Research and Your data

As a primary care provider and part of the National Health Service we do participate in medical research projects.  Please rest assured that your data is not shared with any research provider without your express consent.  All research projects are undertaken with NIHR Clinical Research Network or providers that are ISO2700 and ICH-GCP certified and also NHS IG compliant.  We also ensure that all research providers adhere fully with the DPA 1988 and GDPR legislation.

The following links provide you with more information.



In addition this page will list all research projects we are currently involved for your information.

Current Research projects


The I-WOTCH study is developing a support programme that aims to improve the everyday functioning for people living with chronic (long-term) pain and reduce their opioid (strong morphine-like painkillers) use.

The I-WOTCH study is a randomised controlled trial which is comparing two different treatments for people with long-term pain. The two treatments are:

GROUP 1 Usual GP care plus a opioid information booklet and relaxation CD

GROUP 2 A support programme in addition to the above.

Please see 'Information for the public' for more detailed information.

The purpose is to find out which treatment is best at helping people to live better with their pain and reduce their use of opioids. This trial will help us identify which treatment is more effective. It will measure the everyday functioning and opioid use of all the people in the trial at different time points. We hope that the results of this study will be used to help patients with chronic long-term pain in the future.


DECIDE is a 104 week multicentre trial of patients with type 2 diabetes mellitus to evaluate the comparative effectiveness between Forxiga (dapagliflozin) and Standard of Care (SOC).

Forxiga (dapagliflozin) is a drug and which in previous scientific studies has been shown to be safe and to improve diabetes management. This study is being carried out to confirm Forxiga’s effectiveness and tolerability in treating diabetes when used in everyday practice. To do this, Forxiga will be compared with the standard of care treatments. Medications that will be used in this study are all ones that are currently prescribed in the UK. The study will help doctors to decide whether Forxiga is a suitable long-term treatment for patients with type 2 diabetes who have not been able to manage on other drugs, when used in real life practice.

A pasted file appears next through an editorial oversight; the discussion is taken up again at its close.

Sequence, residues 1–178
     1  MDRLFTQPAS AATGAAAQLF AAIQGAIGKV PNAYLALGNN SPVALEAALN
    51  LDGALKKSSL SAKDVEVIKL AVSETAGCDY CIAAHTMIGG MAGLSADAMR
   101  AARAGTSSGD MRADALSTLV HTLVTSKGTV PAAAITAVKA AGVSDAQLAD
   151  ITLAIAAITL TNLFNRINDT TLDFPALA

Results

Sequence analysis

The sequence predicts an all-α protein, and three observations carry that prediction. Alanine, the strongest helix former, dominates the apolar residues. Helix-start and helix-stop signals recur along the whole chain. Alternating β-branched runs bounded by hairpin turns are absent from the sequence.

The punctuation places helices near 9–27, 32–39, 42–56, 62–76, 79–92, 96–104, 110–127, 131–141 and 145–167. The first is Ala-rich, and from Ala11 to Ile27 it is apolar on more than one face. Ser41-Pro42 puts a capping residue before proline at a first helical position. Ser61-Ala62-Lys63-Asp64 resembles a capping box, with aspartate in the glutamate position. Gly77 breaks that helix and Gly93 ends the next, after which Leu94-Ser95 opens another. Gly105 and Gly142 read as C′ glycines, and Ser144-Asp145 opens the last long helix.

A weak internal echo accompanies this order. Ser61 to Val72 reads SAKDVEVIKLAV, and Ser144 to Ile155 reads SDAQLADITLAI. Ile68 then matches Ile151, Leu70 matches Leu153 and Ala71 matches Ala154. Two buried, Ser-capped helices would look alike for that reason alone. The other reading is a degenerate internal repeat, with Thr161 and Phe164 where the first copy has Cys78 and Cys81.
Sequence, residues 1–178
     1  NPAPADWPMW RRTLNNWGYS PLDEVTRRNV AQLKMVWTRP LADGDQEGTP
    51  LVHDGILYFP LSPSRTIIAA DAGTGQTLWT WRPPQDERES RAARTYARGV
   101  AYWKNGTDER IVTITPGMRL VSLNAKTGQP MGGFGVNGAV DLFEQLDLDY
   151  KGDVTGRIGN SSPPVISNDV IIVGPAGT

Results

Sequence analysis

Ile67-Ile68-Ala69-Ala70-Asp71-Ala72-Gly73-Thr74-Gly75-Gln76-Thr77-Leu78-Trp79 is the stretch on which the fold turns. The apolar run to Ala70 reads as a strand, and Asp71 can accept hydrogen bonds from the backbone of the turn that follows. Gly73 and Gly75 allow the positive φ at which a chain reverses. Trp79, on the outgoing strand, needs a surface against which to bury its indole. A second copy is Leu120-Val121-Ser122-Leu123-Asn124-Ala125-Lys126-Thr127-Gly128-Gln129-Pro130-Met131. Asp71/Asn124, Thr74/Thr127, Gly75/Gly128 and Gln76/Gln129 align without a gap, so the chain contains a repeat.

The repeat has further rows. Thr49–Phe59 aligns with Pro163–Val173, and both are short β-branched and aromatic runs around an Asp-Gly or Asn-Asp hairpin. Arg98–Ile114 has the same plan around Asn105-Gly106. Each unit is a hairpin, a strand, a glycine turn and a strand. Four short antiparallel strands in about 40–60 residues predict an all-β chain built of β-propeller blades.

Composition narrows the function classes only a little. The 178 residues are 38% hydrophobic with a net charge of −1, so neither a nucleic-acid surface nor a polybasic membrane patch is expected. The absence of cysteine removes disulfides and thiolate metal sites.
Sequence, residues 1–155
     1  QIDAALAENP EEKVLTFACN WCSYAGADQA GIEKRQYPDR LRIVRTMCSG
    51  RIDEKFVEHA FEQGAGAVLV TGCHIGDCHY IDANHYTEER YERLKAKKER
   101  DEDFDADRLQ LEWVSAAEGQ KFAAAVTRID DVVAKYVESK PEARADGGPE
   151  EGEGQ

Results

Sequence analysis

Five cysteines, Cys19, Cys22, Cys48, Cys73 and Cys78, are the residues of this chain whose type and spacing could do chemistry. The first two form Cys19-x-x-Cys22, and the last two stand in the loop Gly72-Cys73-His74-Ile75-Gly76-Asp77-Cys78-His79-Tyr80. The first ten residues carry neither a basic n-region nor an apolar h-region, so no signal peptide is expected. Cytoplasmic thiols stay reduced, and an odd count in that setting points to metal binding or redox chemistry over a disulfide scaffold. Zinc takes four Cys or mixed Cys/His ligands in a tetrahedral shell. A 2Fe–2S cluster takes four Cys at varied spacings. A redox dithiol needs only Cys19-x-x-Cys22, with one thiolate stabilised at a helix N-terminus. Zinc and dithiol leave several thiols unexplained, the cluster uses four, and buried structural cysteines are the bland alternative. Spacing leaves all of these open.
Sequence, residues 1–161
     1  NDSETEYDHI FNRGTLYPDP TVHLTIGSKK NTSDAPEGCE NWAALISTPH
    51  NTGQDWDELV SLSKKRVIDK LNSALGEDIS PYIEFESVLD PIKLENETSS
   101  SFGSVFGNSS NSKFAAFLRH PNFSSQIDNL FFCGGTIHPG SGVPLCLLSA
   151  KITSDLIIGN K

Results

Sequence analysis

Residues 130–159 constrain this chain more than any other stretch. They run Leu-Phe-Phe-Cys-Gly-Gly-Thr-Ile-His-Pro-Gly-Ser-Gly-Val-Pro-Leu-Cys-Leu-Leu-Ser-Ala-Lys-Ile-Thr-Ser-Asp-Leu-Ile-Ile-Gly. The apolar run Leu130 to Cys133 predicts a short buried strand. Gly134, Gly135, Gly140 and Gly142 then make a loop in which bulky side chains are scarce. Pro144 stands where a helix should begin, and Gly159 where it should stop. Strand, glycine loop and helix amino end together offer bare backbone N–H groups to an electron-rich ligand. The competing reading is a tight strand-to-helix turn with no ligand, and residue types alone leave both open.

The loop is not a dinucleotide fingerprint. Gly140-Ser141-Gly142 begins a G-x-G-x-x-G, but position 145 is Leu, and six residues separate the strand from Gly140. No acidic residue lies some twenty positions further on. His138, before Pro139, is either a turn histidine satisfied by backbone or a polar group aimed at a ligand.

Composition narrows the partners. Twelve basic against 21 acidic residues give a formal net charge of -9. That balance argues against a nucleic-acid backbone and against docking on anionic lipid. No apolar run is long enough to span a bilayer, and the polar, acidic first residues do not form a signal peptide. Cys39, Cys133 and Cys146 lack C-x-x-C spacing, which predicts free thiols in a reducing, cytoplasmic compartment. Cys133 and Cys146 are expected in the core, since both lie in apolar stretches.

Approximately 880 patients will take part in this study in the United Kingdom. The study will last 2 years. The study will include information provided by participating patients through questionnaires, as well as information from routine health check-ups collected from electronic medical records.




HEAT (Helicobacter Eradication Aspirin Trial) is a large simple double-blind placebo controlled outcomes study of Helicobacter pylori (H. pylori) eradication to prevent ulcer bleeding in aspirin users. It will be run by the University of Nottingham, with recruiting centres across the UK. This trial is funded by the National Institute of Health Research Health Technology Assessment (NIHR HTA) Programme.

Aspirin use is widespread and increasing in elderly patients. The main hazard is gastrointestinal bleeding, which may be increasing because of increasing aspirin use. This trial is based on evidence that peptic ulcer bleeding in aspirin users occurs predominantly in H. pylori positive people.

Patients will be identified by their GPs, then asked to attend an appointment with a Research Nurse to consent to the trial and take a H. pylori breath test. Those with a positive result will be randomised to receive a one week course of either eradication treatment or placebo. No follow-up visits are required, but instead information will be extracted from the patients' electronic medical record using the MiQuest search tool.

The trial will continue until 87 adjudicated events (hospitalisation because of definite or probable peptic ulcer bleeding) have occurred, which would occur after a mean 2.5 patient years of follow-up, if trial assumptions are correct.